Transcribing leads on to music notation software as it’s a lot less messy than pencil, paper and copious amounts of eraser shavings!  Also, if you enter the solo you are working on into the program instead of writing it down on paper the program will play it back, which can really help resolve any worries about whether you have got the notes right. Notation software is obviously useful for writing down original compositions as well as other musician’s solos.  There are paid applications such as Finale and Sibelius but these are expensive. Thankfully there is a very good free product called MuseScore which has jazz-specific features such as “handwritten” fonts and transposing chord symbols. Although most of the apps I describe above can work just fine on a smartphone or tablet, notation software really needs a laptop or desktop. MuseScore works for both PC and Mac.

This could obviously be a very long section so I’ll limit its scope to books of a general nature plus one piano book, seeing as how we’re all meant to play a bit of piano. I can vouch for all of these from experience and they are all recommended by some of the educators I’ve studied with. I mentioned fake books above – these are numerous and expensive and you may be better off asking your teacher for copies of sheet music. The most useful are the Real Book series (Hal Leonard) and the New Real Book series (Sher Music).


How To Improvise and Ready, Aim, Improvise by Hal Crook (Advance Music)


The Jazz Theory Book by Mark Levine (Sher Music)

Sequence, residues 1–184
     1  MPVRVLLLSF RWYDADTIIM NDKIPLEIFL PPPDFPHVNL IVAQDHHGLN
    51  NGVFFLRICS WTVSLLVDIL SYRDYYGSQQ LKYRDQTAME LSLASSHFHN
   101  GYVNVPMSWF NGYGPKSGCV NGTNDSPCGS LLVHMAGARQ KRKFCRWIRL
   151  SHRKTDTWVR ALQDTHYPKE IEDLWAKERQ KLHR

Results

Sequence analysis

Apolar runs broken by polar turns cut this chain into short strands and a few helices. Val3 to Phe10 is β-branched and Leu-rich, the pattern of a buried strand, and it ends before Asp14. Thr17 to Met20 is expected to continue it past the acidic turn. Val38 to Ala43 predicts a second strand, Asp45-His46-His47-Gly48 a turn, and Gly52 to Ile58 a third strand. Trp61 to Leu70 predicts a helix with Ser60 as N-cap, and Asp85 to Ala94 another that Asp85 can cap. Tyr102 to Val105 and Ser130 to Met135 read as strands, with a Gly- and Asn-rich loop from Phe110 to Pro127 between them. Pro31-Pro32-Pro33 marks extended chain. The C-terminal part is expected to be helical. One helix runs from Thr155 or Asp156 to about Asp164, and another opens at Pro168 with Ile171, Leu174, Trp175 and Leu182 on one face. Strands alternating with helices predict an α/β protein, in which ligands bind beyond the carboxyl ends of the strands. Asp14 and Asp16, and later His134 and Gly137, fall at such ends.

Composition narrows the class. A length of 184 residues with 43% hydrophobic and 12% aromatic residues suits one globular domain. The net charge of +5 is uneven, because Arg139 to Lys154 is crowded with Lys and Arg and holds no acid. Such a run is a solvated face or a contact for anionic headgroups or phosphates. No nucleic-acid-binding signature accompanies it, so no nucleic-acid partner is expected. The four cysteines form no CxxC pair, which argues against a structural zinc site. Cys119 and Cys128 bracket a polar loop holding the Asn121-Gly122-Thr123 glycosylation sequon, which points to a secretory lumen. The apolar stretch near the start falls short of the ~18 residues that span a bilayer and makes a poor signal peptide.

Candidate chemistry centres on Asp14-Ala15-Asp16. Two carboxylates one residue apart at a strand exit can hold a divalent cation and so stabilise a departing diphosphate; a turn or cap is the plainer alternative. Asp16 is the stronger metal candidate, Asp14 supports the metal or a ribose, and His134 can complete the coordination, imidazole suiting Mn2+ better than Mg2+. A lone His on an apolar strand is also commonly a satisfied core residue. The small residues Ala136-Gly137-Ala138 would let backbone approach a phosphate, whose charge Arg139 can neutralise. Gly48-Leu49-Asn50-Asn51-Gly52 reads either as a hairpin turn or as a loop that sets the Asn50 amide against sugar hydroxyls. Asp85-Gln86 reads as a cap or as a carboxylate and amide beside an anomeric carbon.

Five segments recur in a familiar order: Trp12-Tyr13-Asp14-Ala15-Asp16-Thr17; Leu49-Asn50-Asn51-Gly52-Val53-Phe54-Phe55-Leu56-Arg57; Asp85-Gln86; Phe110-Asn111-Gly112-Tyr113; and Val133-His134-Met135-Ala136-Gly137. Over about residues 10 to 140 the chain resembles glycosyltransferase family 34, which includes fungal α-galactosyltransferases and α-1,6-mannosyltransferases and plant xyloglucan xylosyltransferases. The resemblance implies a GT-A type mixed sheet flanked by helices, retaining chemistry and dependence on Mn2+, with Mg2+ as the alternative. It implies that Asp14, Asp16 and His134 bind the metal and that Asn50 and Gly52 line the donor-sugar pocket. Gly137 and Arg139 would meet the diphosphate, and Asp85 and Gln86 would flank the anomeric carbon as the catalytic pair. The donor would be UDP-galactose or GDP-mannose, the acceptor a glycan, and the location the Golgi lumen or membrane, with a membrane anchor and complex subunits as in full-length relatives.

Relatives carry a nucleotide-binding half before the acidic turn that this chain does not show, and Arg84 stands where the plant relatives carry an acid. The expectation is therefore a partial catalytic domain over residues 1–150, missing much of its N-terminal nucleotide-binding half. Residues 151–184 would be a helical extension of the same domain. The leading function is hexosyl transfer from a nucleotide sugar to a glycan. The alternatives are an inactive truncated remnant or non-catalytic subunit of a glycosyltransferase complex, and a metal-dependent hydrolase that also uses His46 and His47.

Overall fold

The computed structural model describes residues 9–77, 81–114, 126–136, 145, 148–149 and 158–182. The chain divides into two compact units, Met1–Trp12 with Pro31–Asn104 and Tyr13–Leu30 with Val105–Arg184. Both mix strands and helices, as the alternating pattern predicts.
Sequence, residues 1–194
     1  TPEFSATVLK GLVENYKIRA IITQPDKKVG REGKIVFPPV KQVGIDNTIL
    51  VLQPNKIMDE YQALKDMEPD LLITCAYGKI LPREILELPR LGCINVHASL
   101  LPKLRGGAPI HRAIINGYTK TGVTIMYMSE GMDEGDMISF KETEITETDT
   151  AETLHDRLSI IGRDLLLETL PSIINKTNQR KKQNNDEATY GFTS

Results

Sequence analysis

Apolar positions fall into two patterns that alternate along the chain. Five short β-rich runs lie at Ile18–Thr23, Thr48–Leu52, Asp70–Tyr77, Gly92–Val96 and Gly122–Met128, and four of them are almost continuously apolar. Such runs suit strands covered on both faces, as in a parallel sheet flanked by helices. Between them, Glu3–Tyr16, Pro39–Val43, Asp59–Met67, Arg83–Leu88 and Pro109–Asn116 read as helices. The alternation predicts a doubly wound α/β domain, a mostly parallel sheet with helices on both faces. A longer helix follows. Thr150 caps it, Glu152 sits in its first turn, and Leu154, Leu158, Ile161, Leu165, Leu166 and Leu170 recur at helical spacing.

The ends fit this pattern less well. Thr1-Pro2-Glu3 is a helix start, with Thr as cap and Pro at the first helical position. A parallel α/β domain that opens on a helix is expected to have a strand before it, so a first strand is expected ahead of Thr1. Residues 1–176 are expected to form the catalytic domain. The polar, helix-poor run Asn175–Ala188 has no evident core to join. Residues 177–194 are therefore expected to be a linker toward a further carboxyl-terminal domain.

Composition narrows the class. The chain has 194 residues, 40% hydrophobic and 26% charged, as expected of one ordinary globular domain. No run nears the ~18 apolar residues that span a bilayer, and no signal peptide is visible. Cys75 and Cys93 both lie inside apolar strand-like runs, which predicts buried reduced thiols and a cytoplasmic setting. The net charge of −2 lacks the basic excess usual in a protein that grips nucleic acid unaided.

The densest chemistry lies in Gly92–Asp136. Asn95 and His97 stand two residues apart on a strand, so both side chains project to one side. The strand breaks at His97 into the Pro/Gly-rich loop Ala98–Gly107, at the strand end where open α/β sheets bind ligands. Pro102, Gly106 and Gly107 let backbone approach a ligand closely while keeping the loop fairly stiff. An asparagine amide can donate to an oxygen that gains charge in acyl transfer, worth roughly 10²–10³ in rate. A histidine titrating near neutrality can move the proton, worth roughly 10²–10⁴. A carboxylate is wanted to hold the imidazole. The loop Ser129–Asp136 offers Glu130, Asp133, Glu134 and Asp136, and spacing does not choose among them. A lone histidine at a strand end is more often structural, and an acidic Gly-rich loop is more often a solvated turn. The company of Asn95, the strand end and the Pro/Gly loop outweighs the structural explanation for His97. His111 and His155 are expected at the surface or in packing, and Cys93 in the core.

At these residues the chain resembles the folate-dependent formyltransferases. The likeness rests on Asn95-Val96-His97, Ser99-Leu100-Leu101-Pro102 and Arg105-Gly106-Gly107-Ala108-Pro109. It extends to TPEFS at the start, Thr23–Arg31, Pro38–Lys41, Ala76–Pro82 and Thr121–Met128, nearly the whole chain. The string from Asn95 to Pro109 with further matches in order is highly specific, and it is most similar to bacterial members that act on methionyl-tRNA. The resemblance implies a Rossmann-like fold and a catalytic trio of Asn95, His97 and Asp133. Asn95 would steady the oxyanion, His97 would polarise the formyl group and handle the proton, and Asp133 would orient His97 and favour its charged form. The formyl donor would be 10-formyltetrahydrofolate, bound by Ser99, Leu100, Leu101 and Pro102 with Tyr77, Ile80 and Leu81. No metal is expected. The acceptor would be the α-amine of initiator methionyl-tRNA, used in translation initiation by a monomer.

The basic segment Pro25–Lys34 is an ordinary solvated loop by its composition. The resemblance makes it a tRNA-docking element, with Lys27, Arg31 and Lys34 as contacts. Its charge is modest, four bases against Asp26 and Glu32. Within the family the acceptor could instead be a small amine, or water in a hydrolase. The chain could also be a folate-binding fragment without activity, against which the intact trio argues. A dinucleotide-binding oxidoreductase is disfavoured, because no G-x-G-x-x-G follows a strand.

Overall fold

Mental Approach (this matters!)

Effortless Mastery by Kenny Werner (Jamey Aebersold)

Free Play by Stephen Nachmanovitch (Jeremy P. Tarcher)


Jazz Piano From Scratch by Charles Beale (ABRSM)
(This author wanted to fill a gap in the market for beginner jazz pianists and did it. It’s also the course book for the ABRSM jazz piano exams)

All About Jazz has a huge archive of reviews, interviews etc..

The Hancock Institute of Jazz provides access to Jazz In America, an online resource for secondary school education run by JB Dyas (see What is Jazz Education).

ABRSM provides Grade 1 to 5 examinations in jazz piano and most wind and brass instruments. They also provide ensemble examinations at beginner, intermediate and advanced levels.

London College of Music provides Grade 1 to 8 examinations in jazz piano and most wind and brass instruments. They also provide Grade 1 to 8 examinations in electric guitar, bass and drums – these are not specifically jazz exams but cover a lot of relevant subjects such as harmony and improvisation.

We are happy to put interested students in contact with teachers who can prepare them for these examinations.

There is full jazz performance degree course at Dublin City University, and a number of Limerick Jazz Workshop participants have gone on to study there. The DCU course has a very strong connection with the world-famous Berklee school in Boston, including the Berklee Tracks course which allows students to do the first two years of the full four year Berklee undergraduate degree on a remote basis.

Unfortunately I have not been able to find a good guide to jazz degree courses in Europe and beyond. Most of the major European conservatoires provide a full jazz degree option, and the amount of choice in North America is positively dizzying! Given the history of jazz and the ubiquity of English language skills you should probably not be too intimidated about applying to a course in a country where you lack local language skills, and in some of these countries there can be financial assistance for students. If this is something you would like to pursue please contact us and we will do what we can to help.

This article was updated by Ed Hansom in July 2020. It contains his personal views and is not official Limerick Jazz Society policy.